Free-Body Diagrams and Equilibrium Rapid Review for AP Physics B & C
By Greg Jacobs | Joshua Schulman — McGraw-Hill Professional
Updated on Feb 10, 2011
For a more thorough review, refer to these concepts:
- Free-Body Diagram and Equilibrium for AP Physics B & C
- Normal Force and Tension for AP Physics B & C
- Friction for AP Physics B & C
- Inclined Planes and Torque for AP Physics B & C
- Free-Body Diagrams and Equilibrium: Of Special Interest to Physics C Student s B & C
- A free-body diagram is a simplified representation of an object and the forces acting on it.
- When the net force on an object is zero, it is in equilibrium. This means that it is either at rest or that it is moving at a constant velocity.
- To solve an equilibrium problem, draw a good free-body diagram, resolve all forces into x- and y-components, and then set the vector sum of the x-components equal to zero and the vector sum of the y-components equal to zero.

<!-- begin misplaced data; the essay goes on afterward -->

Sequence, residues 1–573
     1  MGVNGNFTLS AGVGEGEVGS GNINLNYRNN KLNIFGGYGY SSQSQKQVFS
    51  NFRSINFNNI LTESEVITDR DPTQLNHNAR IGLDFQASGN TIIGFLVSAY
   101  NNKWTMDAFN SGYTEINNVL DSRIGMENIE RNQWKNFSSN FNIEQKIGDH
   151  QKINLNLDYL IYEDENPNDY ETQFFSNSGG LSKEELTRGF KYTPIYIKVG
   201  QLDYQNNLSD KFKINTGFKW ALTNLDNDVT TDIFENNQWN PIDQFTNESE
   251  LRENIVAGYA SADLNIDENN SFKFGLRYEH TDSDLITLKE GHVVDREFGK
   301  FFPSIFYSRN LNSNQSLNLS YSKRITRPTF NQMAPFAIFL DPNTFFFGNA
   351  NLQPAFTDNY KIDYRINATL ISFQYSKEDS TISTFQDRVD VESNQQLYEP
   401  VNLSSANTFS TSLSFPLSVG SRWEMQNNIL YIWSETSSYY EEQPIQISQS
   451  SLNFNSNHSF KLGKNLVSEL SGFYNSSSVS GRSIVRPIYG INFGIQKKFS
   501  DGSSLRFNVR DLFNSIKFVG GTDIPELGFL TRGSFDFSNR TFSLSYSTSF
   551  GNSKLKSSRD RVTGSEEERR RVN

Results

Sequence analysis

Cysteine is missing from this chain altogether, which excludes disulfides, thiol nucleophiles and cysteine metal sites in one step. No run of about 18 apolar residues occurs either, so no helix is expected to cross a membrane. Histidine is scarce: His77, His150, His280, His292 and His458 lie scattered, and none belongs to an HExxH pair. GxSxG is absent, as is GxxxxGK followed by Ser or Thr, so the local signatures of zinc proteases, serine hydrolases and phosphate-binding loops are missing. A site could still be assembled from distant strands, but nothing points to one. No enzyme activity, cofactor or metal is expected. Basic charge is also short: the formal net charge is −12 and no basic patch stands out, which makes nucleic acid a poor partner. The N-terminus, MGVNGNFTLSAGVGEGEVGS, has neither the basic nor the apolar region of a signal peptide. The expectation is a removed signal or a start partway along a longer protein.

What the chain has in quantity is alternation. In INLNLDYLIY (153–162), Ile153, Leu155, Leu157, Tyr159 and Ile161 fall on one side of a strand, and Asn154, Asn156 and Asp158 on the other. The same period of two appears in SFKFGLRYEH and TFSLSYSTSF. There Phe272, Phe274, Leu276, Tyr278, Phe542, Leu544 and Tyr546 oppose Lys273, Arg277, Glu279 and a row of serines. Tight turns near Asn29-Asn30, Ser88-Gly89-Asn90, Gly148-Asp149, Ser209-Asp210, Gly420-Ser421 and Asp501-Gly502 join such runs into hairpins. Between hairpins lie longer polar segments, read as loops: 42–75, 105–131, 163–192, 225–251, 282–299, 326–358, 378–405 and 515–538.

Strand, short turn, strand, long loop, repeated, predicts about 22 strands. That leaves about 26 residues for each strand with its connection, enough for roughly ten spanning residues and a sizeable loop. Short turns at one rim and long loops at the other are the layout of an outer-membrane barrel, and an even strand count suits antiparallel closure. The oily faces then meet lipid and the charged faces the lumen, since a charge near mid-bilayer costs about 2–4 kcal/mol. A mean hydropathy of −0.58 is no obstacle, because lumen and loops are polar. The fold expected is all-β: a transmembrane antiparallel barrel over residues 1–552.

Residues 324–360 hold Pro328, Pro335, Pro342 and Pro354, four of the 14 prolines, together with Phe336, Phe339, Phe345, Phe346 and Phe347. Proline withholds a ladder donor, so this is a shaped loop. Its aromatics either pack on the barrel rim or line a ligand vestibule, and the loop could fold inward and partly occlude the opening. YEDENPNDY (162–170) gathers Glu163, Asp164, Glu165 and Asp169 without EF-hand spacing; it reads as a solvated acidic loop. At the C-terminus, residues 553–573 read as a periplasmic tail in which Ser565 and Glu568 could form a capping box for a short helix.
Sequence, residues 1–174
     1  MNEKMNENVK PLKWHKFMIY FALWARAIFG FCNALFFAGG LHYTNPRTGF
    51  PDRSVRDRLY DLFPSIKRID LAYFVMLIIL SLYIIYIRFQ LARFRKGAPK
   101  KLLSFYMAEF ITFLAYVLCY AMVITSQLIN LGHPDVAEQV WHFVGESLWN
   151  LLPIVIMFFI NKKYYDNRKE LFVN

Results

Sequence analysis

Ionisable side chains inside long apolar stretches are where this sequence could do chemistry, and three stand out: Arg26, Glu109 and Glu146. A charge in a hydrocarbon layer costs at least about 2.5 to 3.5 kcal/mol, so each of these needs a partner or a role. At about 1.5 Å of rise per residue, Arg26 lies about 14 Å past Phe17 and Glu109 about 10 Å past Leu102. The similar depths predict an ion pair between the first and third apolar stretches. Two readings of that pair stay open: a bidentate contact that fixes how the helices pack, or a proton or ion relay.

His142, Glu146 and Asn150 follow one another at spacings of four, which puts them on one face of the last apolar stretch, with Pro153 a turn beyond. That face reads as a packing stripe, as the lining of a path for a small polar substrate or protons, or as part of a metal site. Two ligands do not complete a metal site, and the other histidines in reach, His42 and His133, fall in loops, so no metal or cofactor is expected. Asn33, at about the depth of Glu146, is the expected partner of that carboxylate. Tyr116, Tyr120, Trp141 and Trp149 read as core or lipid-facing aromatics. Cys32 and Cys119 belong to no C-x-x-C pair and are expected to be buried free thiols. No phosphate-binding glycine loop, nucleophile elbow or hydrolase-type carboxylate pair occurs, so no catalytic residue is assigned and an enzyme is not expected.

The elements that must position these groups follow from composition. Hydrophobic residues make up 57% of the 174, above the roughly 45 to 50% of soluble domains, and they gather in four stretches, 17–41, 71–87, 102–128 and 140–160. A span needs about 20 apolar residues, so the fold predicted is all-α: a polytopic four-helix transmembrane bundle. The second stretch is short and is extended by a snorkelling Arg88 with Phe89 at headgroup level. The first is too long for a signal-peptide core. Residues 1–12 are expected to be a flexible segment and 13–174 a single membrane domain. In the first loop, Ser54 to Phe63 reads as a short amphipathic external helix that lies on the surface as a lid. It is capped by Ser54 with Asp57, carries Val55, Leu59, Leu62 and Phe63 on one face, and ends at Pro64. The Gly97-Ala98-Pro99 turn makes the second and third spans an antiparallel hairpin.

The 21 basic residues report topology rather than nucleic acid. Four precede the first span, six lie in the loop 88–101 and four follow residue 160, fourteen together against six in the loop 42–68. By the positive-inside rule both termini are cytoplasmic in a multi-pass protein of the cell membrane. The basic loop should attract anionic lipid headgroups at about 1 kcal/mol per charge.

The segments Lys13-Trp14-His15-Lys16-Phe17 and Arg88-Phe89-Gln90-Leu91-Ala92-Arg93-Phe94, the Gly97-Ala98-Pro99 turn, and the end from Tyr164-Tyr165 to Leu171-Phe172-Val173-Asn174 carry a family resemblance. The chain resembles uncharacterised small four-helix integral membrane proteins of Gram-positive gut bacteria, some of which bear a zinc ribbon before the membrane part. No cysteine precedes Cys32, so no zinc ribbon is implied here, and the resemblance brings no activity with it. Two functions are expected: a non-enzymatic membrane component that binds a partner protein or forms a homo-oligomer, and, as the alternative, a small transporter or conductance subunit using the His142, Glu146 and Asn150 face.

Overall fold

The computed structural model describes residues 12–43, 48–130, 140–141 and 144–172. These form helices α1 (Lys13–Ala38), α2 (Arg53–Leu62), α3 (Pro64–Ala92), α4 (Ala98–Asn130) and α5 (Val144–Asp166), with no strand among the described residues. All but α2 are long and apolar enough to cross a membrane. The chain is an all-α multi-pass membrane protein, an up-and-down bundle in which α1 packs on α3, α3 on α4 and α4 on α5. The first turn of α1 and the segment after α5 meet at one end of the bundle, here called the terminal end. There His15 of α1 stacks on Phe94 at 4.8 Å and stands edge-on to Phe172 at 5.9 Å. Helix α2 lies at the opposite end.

- The units of force are newtons, where 1 N = 1 kg.m/s2.
- Torque equals the force exerted on an object multiplied by the distance between where that force is applied and the fulcrum (the point about which an object can rotate). When an object is in equilibrium, the counterclockwise torques equal the clockwise torques.
From 5 Steps to a 5 AP Physics B & C. Copyright © 2010 by The McGraw-Hill Companies. All Rights Reserved.
Next Study Guide: Velocity, Acceleration, and Displacement for AP Physics B & C
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